It's easiest to illustrate the difference in approach by first looking at the cases where you're handling these problems correctly. If we look at this airplane for instance, you were vary fastidious in ensuring that every structure you constructed was drawn inside of an enclosure. I can see where the fuselage was constructed inside of a box, which was then used to define the major cross-sectional ellipses to them define the profile of the body.
You did struggle a little with the ellipses (I think the main missing component here is that you weren't defining the minor axis of your ellipses, which was throwing off how they were being drawn - remember that the minor axis of an ellipse will be oriented towards the vanishing point that governs lines which run perpendicular to that ellipse's surface. The most recent update of the ellipses video from lesson 1 goes into this in much greater detail, but this effectively means that if we need an ellipse to be oriented in a particular fashion, we can do so by first defining the minor axis line, then drawing the ellipse around it. This needs to be used in conjunction with the enclosing planes, as shown in this video to end up with ellipses that correctly represent circles in 3D space.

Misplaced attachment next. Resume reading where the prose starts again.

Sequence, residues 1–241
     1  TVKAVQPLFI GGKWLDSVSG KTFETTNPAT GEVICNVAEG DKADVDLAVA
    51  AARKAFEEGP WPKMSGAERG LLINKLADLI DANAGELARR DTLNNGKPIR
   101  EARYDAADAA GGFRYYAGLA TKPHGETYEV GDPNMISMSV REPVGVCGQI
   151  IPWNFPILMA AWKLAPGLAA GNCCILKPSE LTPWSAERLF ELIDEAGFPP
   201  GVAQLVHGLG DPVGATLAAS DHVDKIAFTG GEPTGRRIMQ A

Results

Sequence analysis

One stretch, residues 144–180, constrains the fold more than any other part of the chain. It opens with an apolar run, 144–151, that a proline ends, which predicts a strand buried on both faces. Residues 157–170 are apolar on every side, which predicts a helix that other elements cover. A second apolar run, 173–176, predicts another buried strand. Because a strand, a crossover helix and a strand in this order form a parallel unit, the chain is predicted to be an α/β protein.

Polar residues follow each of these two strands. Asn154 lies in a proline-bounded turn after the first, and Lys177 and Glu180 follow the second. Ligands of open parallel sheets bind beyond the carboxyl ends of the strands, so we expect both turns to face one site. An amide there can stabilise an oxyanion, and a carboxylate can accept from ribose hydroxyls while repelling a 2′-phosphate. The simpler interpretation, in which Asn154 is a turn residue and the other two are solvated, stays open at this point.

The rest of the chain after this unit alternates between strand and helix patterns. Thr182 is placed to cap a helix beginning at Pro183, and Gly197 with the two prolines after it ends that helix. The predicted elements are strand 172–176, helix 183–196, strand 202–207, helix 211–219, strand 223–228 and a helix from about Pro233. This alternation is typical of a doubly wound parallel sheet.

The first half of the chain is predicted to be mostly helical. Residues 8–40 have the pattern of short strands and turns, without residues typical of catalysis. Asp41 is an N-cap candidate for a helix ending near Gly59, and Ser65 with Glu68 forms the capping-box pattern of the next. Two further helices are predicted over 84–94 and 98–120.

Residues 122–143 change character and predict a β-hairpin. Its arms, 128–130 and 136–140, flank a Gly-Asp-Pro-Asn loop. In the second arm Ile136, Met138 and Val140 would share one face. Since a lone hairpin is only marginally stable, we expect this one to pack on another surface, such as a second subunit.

Jumping ahead to your helicopter, I felt this one did come out quite well, but we're starting to drift into some of the mistakes that cost you more when you hit the sports cars. Because the helicopter structure is still made up of a lot of fairly straight, primitive edges without too many smooth curves, you were able to skip certain steps without too much trouble - but you definitely should have defined clear box structures within the overall enclosure that tightly defined the space the body of the helicopter would take up.